Luke does indeed have tracheomalacia and additionally he appears to have some level of laryngomalacia. The tracheomalacia was diagnosed following a fluoroscopy on Thursday. Hopefully it is something that he will grow out of as he gets older and since the severe narrowing of his trachea doesn't seem to be impending his ability to eat and grow, its something I think we can put to the back of our minds for now.
Heart Surgery Update
Last week, we also received some second opinions on the timing and location for Luke's open heart surgery to repair his AV Canal. We haven't come to a decision yet on where or when we will do anything, but we have learned some new things to think about...
Boston initially suggested that we do surgery between 8-10 months, definitely before 12 months of age. Nationwide Children's in Columbus suggested 15 months and Cleveland Clinic is suggesting 18-24 months. Obviously there is a wide disparity amongst their thoughts. Some of the variables at play that are driving some of the different schools of thought include:
- Potential for pulmonary hypertension. Luke doesn't appear to be showing signs of this yet, however once it comes on it will negatively affect his lungs. We want to do surgery before this starts...
- Potential for neurodevelopmental delays. Since they will stop Luke's heart for the surgery and will place him on a lung heart bypass machine to breathe and pump his blood for him, there is a huge risk of oxygen not getting to his brain for a split or maybe even multiple seconds - hence the potential for brain damage and further delays. Since we know that Luke is already pre-disposed to delays because of him having Down syndrome, this is an even greater concern. There might be some benefit to him being older for the surgery as he may at that point be at a decreased risk for additional and substantial delays. I need to learn more about this....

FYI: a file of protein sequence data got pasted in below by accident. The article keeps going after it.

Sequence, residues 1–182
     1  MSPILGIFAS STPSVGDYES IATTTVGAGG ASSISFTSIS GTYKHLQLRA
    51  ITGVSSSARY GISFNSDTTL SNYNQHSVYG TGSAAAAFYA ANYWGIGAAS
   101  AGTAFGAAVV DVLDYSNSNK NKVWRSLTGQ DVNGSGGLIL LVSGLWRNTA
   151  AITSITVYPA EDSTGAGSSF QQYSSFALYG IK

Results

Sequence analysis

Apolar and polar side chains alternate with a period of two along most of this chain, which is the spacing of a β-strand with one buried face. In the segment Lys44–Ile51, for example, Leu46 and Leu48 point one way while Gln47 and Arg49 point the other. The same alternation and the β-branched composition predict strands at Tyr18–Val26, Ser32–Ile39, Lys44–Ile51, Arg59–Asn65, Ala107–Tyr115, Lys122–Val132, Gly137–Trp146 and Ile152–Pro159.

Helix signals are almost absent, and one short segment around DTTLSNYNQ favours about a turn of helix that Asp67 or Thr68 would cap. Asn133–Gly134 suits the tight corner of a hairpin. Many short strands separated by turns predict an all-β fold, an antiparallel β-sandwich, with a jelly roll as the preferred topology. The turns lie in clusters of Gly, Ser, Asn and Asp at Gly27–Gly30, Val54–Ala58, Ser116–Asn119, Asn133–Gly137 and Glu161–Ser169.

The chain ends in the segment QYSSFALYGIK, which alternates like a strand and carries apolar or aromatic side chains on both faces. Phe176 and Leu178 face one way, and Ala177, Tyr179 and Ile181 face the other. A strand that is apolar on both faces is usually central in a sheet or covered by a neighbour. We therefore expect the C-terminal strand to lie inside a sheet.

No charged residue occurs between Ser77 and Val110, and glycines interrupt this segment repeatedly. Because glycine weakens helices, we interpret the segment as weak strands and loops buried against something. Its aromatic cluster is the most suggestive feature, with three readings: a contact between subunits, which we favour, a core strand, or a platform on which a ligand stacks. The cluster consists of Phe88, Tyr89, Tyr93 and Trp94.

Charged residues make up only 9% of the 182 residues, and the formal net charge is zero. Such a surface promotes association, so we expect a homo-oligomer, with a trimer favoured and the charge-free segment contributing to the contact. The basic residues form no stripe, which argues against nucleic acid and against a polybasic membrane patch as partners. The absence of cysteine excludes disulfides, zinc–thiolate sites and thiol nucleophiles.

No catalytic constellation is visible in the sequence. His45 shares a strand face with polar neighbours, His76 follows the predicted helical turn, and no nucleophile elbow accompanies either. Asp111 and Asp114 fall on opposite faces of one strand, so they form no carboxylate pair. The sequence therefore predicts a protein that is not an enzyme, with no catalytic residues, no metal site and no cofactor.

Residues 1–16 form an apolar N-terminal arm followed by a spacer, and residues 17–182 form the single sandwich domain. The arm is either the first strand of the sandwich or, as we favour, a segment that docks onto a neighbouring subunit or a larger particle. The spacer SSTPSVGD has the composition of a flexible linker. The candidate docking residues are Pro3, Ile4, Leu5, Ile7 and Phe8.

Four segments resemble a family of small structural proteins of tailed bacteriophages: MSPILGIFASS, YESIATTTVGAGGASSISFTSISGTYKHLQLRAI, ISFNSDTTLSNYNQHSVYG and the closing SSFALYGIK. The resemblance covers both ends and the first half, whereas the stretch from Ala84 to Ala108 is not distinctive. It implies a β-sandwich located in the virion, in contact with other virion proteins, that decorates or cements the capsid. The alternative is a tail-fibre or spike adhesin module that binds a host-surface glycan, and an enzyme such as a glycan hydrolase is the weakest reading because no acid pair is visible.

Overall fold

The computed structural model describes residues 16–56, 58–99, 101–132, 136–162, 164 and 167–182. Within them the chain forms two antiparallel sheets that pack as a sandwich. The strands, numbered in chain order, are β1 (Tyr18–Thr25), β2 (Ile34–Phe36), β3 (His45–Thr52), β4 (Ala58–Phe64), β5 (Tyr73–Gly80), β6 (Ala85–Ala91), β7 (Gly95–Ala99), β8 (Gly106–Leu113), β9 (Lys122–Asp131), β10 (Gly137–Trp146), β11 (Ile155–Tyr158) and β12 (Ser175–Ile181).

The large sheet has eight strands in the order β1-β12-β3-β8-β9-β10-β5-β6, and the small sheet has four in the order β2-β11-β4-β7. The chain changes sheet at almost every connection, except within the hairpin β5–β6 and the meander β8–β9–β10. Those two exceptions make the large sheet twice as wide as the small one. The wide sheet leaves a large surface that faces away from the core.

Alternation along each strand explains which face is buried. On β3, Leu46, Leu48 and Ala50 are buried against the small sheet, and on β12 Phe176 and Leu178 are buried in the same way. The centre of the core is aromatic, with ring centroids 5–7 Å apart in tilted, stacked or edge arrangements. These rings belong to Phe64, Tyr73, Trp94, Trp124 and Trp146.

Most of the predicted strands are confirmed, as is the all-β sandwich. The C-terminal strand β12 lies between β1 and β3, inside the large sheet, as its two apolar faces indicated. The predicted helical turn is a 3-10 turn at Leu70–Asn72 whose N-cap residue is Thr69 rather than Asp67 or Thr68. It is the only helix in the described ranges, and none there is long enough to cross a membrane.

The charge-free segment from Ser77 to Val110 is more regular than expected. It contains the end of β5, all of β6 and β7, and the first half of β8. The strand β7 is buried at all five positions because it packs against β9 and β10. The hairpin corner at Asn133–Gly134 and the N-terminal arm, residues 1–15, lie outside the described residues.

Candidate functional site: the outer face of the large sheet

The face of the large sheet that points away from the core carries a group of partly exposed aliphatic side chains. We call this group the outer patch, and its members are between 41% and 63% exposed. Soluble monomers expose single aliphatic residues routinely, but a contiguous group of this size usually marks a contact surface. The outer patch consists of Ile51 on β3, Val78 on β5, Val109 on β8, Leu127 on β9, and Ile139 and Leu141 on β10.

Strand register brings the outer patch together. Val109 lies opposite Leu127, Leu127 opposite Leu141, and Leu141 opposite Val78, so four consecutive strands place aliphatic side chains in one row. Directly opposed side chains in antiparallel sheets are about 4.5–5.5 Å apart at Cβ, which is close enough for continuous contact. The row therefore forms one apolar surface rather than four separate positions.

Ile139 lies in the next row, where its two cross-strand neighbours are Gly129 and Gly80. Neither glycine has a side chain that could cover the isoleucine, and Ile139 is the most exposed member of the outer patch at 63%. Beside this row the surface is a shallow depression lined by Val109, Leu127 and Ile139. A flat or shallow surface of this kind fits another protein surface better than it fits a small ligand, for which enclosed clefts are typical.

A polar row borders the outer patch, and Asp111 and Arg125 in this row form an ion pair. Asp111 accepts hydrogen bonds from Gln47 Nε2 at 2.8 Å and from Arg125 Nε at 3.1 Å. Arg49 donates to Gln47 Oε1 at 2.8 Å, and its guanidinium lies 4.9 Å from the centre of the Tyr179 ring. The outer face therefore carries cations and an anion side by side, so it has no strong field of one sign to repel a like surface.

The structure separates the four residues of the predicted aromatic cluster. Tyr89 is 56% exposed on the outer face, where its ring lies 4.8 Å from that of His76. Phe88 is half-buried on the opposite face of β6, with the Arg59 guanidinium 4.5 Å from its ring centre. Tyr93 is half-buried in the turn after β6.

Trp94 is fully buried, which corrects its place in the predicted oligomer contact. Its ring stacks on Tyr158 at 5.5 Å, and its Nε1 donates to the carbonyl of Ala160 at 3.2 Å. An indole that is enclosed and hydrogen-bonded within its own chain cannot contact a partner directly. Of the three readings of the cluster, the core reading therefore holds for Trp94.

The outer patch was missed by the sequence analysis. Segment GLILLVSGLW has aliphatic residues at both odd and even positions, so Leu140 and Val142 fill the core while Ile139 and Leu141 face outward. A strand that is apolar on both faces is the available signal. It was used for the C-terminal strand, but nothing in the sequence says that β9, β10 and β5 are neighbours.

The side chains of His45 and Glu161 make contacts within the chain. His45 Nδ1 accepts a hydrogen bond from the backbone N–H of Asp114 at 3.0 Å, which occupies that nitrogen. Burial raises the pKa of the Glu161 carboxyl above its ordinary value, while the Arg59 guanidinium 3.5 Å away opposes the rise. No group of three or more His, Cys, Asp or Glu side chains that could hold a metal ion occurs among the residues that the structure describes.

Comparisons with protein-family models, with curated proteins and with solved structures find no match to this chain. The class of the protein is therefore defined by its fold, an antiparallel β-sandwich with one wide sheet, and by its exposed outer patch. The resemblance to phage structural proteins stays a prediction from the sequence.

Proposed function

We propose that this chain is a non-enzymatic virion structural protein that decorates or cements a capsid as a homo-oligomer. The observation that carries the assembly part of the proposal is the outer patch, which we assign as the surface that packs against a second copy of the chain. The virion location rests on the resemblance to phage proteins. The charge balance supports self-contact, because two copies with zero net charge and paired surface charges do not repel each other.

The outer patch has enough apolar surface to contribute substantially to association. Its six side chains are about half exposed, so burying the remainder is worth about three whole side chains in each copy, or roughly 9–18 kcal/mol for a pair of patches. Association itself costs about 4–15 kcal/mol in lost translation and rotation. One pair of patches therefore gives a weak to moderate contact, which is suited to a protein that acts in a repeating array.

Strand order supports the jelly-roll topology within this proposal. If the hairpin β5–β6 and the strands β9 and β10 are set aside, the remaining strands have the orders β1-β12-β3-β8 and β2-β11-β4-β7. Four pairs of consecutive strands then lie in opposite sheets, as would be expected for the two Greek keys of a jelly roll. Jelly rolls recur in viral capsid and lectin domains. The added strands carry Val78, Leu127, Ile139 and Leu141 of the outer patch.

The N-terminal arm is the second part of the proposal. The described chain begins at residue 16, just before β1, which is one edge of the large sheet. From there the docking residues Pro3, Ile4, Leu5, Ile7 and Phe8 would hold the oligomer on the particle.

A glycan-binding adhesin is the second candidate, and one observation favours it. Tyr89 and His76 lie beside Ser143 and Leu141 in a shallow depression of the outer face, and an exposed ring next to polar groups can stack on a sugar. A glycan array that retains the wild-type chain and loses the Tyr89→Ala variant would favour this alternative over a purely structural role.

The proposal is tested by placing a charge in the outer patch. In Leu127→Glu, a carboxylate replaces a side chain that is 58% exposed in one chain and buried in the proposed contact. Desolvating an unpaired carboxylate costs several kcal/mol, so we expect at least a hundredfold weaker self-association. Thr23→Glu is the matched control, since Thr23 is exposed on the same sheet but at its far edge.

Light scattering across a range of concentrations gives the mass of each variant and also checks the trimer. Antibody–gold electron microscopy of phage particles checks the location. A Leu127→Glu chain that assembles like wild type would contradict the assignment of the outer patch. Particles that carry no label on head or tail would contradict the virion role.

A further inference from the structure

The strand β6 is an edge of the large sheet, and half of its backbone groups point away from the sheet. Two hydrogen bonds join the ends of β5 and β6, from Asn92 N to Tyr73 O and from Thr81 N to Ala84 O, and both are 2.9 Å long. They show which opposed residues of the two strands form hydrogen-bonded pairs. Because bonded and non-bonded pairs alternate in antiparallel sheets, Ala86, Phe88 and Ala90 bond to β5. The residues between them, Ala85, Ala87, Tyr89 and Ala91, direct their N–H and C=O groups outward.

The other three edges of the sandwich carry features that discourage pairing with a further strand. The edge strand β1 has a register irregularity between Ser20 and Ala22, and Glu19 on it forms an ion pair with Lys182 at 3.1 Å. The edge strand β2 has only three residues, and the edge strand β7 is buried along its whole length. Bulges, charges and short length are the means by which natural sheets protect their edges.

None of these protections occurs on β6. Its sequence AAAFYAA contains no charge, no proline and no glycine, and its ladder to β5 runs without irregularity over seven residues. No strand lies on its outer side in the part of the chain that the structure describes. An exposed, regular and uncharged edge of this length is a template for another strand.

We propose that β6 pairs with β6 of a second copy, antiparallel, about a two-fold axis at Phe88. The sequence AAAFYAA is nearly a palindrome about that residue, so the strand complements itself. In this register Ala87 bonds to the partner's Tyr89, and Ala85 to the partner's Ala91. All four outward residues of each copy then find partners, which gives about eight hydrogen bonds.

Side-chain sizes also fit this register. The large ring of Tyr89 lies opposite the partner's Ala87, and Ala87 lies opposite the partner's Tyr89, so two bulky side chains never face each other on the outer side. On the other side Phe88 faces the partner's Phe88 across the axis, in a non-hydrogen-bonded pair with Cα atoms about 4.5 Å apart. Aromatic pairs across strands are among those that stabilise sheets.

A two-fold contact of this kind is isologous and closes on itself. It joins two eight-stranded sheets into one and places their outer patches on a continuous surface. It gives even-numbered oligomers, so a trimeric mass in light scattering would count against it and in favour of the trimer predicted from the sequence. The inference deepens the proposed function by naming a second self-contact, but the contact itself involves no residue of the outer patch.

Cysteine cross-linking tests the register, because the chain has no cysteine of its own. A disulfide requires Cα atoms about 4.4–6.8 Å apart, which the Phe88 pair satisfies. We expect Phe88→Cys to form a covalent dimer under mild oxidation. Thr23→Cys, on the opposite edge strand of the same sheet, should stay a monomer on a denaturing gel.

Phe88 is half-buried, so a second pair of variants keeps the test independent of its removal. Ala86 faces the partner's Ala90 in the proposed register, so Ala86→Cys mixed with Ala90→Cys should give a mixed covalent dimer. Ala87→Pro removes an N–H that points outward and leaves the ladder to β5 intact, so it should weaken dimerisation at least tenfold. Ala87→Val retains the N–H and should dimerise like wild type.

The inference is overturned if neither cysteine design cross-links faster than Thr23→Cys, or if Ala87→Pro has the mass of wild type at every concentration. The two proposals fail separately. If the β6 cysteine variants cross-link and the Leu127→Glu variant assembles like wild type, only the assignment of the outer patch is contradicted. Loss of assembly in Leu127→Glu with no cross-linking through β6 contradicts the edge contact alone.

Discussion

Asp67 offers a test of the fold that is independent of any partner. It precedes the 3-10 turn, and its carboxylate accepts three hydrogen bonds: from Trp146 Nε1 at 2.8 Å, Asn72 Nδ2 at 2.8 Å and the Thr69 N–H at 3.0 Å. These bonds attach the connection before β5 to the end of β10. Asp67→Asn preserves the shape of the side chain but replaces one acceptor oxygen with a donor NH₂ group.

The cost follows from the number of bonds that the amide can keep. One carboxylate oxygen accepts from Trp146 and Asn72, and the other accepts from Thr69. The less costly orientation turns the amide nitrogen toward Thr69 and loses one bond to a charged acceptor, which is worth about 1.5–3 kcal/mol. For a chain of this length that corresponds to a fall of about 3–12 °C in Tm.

- Technical skill of the surgeon completing the procedure... the AV Canal is apparently pretty straightforward to repair, but they will also have to work on his mitral valve and if they are off even just one millimeter with the repair, Luke could end up with either a narrow mitral valve (which apparently his anatomy might already predisposed to) or a leaky mitral valve. If he were to have a leaky valve, it could lead to a second and third follow up surgery to repair and could adversely affect his life expectancy.
- Follow up care... if we go to Boston, we need to be comfortable with the fact that if Luke were to need emergency surgical follow up care once home, it's unlikely that we would be able to get to Boston and we would have to make do with taking him to a center that doesn't know his history.
- Depending on the source you look at, Boston is #1, Columbus is #4 and Cleveland is #14. Other centers such as Philly and U of Michigan also rank high.
On a brighter note, here are some pics of the boys before we took off for Nationwide Children's on Thursday morning.
Matthew has always loved tractors, but what was once a love seems to be becoming a fascination for him! All he talks about are tractors and he loves to tell us that they go "brrmm brrmm". It used to be Dustin who waited for the Fastline to come in that mail, now it seems that Matthew is just as excited when it arrives!
Matthew continues to impress me with his love for baby Luke. He kisses him multiple times each day... we are blessed for them to have such an awesome connection! Luke continues to get better with his head, neck and trunk strength. He sat in his Bumbo seat for close to 30 minutes that morning!!